Hublot’s Horizons

At the 2016 Geneva Show, there’s always one exhibition that seeks to stand apart from it’s horological compatriots – and we don’t mean the overzealous buyer at the free champagne bar. Ladies and gentlemen, we present another sterling example from Hublot.

There will always be a place for the classic Swiss dress watch. Maisons such as Vacheron Constantin, Bremont and Cartier produce variations of these thoroughly traditional designs to much applause year after year, and that’s because they’re rather good at it. However, just as these labels know their strengths, so too does Hublot. Nyon’s black sheep manages to rearrange the status quo with every new release and as such, has carved a global identity through Jean Claude Biver-esque blue skies thinking. Hublot may be different to the rest, but that doesn’t mean it’s the horological equivalent of the weird kid at school that ate crayons – they know exactly what they’re doing.

And as for the 2016 Geneva Show, our expectations were simultaneously fulfilled and exceeded – we always know there’s something coming, we can just never guess what it is. The first element of surprise was the new limited-series Big Bang Big Bang 41mm Broderie, available in two designs. In recent years, ladies watches are finally being taken seriously by Switzerland, and the Brodierie is definitive proof. The Sugar Skull iteration fuses the craftsmanship of haute couture with haute horlogerie, the dial enduring heavy embellishment of fine Lurex threads to paint the eponymous skull motif. A ceramic bezel is reinforced with 36 spinels and a multitude of precious stones throughout that compliment the overarching colour theme. Whilst the Sugar Skull sports a design that is by no means unknown to the world, it’s a far cry from the botched Dia de los Muerto facepaint that clogs up your Instagram feed every Halloween.

Another highlight came in the form of the limited edition MP-05 ‘La Ferrari’. Hublot and the world-famous sportscar manufacturer are old friends which makes the latest collaboration all the more impressive; a robust sapphire case houses a movement designed to appear as if levitating. An engine-inspired aesthetic showcases the finest aspects of both Hublot and Ferrari with a complex reading system, a manual-winding tourbillon 11 series and (our favourite part), a movement that involves over a massive 637 individual components. Furthermore, the 50 day power reserve is nothing to be sniffed at it; the MP-05 may be an acquired taste, but you cannot doubt the level of engineering. Bravo, chaps.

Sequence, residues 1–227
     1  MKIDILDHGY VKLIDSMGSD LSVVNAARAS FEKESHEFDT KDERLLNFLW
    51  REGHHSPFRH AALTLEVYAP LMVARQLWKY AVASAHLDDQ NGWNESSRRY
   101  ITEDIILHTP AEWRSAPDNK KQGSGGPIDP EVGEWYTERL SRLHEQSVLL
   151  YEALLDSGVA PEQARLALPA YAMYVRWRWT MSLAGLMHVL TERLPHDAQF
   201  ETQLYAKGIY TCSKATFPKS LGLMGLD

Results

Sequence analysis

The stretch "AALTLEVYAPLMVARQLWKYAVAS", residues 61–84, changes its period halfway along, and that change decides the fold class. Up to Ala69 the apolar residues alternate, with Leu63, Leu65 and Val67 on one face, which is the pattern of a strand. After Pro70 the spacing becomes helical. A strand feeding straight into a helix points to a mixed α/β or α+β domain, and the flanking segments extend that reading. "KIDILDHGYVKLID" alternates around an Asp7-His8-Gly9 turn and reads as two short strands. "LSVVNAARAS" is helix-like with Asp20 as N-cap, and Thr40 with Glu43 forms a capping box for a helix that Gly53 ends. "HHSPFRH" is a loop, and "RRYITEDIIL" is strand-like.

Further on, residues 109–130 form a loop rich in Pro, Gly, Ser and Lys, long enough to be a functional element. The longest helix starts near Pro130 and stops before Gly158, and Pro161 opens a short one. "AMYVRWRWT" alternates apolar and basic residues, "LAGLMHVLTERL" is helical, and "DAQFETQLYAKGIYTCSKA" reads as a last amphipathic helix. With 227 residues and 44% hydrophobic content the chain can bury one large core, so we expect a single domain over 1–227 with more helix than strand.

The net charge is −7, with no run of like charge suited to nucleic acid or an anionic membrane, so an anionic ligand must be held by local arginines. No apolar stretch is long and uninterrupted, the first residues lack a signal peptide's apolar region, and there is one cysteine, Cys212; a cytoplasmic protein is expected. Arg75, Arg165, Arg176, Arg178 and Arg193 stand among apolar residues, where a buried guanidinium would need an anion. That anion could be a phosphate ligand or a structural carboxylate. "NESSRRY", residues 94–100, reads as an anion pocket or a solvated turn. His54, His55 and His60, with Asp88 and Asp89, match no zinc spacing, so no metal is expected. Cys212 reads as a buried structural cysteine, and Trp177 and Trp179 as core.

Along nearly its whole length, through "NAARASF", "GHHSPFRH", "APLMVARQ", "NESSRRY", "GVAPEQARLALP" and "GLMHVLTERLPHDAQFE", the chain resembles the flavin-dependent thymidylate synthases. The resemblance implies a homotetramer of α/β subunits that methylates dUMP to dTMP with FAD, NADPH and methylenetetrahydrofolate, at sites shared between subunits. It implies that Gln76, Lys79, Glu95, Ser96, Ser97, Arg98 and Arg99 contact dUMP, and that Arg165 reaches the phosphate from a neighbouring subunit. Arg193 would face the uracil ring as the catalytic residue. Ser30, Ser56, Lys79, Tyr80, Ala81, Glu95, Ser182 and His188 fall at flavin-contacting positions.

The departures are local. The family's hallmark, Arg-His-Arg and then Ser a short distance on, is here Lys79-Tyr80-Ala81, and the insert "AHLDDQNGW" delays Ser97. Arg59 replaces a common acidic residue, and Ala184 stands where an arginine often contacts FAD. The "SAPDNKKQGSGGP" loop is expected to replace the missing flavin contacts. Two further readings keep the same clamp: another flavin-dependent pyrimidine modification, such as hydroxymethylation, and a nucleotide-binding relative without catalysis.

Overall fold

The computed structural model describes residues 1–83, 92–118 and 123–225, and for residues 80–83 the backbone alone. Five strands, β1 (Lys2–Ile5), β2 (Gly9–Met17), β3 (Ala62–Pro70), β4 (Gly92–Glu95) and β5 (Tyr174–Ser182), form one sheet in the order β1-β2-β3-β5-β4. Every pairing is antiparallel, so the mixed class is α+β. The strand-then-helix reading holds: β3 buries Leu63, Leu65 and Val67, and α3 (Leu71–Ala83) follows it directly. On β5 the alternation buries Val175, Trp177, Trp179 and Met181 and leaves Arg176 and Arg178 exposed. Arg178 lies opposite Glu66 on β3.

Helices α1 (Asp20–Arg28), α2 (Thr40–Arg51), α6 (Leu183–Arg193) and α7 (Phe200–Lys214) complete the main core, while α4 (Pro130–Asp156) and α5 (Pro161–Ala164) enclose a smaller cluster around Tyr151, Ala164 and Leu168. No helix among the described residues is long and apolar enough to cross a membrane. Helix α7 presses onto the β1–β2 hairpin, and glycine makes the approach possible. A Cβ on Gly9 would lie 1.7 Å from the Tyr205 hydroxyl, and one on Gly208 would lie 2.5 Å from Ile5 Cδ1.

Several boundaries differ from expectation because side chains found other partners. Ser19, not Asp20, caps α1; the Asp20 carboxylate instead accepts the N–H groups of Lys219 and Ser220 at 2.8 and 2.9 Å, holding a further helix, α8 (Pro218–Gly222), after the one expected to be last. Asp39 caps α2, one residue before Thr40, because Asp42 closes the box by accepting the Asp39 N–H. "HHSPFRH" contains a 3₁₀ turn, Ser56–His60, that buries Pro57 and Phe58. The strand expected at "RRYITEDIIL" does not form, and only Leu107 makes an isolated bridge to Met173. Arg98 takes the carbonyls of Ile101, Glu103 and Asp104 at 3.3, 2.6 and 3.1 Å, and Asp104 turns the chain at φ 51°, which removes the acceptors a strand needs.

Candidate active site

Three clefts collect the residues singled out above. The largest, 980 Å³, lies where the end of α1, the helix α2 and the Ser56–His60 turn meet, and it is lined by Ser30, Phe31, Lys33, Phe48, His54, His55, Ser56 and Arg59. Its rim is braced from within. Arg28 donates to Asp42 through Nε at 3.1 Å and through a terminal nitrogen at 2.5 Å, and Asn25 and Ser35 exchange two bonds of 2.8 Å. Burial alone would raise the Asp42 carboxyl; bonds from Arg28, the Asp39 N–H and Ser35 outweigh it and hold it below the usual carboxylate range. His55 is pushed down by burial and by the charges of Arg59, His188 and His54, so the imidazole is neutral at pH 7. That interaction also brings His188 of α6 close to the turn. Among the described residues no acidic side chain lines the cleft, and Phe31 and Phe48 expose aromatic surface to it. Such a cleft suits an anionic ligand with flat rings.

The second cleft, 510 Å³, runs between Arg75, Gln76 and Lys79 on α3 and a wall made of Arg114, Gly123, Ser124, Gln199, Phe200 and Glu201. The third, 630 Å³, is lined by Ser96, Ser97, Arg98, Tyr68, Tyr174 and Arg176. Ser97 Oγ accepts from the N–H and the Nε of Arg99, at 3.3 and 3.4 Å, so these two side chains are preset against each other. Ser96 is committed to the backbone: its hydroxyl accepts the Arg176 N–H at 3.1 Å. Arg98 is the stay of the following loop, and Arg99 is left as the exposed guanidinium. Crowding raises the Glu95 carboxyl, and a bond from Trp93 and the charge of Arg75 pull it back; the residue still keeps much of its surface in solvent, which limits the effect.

Hublot has always continued in the tributory vein with another commerative piece. After immortalising the plight of Nelson Mandela in clockwork form last year, the brand has paid homage to martial arts demigod Bruce Lee with a limited edition Spirit of Big Bang. With all of the associated elements that made Lee so iconic, the watch features a tonneau case created from microblasted ceramic in black alongside a black and gold alligator strap, bumblebee colours throughout (a la The Bride in Kill Bill) and a traditional Chinese dragon. Better yet, the self-winding chronograph amassed $270,000 Hong Kong dollars at an auction for the Bruce Lee Foundation which promotes martial arts for children across the world. He might not have made it to this 75th birthday, yet the piece is an almighty tribute to an almighty star.

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